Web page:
After an exciting 90 minutes, the Bianconeri came away with a 2-0 victory to secure sole possession of the top spot in the Italian Serie A. In the following slides, we present 10 things to take away from this game.
This was not a pretty game. While Napoli might be the most exciting team to watch in Italy and Juventus have as much quality as anyone in world football right now, Saturday's contest was an ugly affair.
Both teams seemed to be afraid to lose, and the result was a slow, sloppy game. Juventus only managed two good chances before Martin Cáceres opened the scoring after 80 minutes, and Napoli only threatened Marco Storari once, courtesy of a beautiful Edinson Cavani free kick that hit the post.
For a marquee matchup between the best two teams in Italy, this one definitely disappointed.
One of the few players for the Bianconeri that was able to provide some creativity to the squad, Sebastian Giovinco still looks out of place on the field.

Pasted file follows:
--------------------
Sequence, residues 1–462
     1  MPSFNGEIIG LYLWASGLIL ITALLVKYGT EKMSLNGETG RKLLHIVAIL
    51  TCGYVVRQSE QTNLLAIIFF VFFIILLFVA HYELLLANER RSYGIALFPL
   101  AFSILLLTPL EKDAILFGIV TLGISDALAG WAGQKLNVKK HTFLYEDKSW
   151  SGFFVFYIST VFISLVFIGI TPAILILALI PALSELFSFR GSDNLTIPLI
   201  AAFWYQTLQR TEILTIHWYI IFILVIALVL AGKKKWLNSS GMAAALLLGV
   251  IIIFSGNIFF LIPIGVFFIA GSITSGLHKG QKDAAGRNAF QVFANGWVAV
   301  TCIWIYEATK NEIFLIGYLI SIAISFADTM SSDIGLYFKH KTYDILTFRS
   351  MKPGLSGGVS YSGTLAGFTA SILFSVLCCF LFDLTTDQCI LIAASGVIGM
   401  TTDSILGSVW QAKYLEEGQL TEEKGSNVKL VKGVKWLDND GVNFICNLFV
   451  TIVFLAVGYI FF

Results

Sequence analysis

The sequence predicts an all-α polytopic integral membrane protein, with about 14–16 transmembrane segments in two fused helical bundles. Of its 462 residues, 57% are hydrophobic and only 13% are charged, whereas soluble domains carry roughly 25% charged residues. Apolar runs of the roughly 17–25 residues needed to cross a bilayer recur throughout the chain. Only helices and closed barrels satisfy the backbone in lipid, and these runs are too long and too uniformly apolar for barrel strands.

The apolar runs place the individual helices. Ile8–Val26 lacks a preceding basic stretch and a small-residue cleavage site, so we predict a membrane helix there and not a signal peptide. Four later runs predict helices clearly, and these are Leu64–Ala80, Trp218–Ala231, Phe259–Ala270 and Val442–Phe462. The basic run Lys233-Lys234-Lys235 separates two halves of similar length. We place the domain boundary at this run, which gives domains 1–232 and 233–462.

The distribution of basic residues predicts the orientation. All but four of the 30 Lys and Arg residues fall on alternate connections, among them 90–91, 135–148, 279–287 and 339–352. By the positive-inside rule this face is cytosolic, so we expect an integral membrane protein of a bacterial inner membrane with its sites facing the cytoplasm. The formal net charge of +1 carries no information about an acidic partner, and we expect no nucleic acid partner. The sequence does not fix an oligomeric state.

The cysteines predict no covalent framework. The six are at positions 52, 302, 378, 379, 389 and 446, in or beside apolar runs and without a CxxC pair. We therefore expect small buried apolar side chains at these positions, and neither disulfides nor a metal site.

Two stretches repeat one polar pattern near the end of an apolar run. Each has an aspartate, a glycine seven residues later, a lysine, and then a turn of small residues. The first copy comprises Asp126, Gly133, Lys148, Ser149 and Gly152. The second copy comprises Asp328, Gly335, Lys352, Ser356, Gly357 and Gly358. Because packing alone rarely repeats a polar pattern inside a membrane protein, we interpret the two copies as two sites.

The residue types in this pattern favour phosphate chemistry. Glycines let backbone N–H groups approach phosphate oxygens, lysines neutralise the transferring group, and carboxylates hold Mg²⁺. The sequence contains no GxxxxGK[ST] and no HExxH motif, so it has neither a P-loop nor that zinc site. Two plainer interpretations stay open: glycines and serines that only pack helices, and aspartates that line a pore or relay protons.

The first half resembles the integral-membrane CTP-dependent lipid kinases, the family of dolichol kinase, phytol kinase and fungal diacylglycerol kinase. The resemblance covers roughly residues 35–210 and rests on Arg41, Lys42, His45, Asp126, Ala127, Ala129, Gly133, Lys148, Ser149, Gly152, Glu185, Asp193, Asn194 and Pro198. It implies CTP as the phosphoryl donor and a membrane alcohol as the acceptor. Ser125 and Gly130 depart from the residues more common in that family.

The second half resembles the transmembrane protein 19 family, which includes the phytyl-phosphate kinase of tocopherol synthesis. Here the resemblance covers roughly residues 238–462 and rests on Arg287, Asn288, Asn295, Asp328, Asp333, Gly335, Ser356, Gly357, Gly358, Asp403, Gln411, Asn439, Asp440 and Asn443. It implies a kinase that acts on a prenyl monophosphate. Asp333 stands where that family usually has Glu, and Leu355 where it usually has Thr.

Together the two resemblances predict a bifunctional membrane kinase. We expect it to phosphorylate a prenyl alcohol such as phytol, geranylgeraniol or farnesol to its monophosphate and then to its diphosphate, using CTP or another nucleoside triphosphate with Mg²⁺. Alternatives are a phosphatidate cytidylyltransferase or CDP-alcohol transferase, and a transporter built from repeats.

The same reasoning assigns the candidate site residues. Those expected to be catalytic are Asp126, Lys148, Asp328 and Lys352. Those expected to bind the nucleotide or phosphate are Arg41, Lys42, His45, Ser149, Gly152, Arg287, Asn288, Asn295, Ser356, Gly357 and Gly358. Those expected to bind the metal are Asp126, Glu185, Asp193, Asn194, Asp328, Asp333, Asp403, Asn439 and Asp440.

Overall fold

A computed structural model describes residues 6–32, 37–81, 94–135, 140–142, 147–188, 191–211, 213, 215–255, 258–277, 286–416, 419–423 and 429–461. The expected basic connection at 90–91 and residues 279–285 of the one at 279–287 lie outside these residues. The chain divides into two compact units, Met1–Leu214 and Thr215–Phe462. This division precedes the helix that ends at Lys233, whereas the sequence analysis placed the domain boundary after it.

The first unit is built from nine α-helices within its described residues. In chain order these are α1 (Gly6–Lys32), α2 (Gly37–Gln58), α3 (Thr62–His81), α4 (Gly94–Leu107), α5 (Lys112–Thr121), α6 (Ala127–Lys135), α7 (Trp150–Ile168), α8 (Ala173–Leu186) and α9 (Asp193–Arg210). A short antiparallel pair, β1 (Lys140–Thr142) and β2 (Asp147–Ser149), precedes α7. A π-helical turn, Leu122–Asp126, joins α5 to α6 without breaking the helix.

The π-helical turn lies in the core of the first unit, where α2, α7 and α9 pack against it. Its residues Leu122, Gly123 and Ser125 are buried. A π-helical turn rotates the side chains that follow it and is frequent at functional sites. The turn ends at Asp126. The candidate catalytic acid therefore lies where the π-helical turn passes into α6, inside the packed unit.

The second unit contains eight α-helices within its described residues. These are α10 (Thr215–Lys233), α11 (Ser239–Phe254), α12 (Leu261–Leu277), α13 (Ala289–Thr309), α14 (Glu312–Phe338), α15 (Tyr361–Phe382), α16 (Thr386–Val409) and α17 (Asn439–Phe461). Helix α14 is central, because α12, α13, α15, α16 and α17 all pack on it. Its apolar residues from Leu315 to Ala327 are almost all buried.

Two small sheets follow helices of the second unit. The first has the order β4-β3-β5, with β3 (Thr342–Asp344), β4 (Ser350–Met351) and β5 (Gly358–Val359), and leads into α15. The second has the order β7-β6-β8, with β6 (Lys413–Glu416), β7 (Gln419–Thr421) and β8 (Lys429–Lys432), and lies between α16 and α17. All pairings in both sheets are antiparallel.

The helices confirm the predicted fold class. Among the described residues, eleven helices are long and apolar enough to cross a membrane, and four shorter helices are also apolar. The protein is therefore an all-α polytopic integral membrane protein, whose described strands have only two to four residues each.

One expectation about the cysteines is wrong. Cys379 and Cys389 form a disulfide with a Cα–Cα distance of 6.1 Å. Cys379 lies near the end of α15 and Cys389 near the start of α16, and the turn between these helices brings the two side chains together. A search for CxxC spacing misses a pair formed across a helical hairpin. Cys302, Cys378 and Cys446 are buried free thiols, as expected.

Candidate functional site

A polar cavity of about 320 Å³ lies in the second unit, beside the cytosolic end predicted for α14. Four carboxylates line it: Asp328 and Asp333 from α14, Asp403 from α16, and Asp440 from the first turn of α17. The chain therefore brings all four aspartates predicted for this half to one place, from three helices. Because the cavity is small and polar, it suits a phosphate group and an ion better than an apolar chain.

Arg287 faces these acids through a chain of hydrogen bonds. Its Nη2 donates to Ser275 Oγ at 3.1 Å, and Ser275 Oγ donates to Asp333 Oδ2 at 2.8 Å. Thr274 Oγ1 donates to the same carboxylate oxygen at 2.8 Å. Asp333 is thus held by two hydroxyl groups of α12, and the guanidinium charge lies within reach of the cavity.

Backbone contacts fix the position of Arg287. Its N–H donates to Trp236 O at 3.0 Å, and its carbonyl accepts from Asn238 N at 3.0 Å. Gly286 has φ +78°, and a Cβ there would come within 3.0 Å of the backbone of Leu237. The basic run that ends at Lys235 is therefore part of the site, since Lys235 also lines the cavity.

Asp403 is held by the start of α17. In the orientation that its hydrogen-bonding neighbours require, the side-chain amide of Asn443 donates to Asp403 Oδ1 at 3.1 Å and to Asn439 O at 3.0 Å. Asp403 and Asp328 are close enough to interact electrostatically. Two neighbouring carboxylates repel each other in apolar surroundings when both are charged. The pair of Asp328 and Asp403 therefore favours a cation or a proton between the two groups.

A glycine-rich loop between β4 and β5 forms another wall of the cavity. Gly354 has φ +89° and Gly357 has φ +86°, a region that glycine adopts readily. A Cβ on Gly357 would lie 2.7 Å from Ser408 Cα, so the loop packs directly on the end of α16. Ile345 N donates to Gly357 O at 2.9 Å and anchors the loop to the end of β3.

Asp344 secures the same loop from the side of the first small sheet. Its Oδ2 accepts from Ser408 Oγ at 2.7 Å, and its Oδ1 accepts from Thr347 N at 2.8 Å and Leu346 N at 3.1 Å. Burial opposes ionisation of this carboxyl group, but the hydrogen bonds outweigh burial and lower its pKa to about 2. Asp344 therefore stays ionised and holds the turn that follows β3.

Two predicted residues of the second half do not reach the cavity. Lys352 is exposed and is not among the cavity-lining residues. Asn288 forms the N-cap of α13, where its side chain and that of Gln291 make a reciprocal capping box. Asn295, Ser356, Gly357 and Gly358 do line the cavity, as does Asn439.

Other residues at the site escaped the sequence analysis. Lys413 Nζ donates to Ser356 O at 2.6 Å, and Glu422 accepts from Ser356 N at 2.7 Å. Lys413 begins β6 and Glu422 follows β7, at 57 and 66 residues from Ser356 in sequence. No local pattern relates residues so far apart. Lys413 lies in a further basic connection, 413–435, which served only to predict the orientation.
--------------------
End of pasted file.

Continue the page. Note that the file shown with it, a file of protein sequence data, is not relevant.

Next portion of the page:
Giovinco had a good start to the game, testing the fists of Morgan De Sanctis within the first minute of play, but he spent the rest of the evening running all over the field and doing very little. He had difficulty linking up with Fabio Quagliarella and lost possession a lot.
"The Atomic Ant" had another good chance in the second half, making space for himself inside the box before shooting wide.
All in all, it was a frustrating night for Giovinco.
As frustrating a game as it was for Sebastian Giovinco, Edinson Cavani's night was probably worse.
The Uruguayan was on an island all evening, not getting an inch from the Juventus back three. He was unlucky to get booked early for a piece of fine acting by Giorgio Chiellini, and his teammates in midfield could not find a way to feed the striker quality balls all night.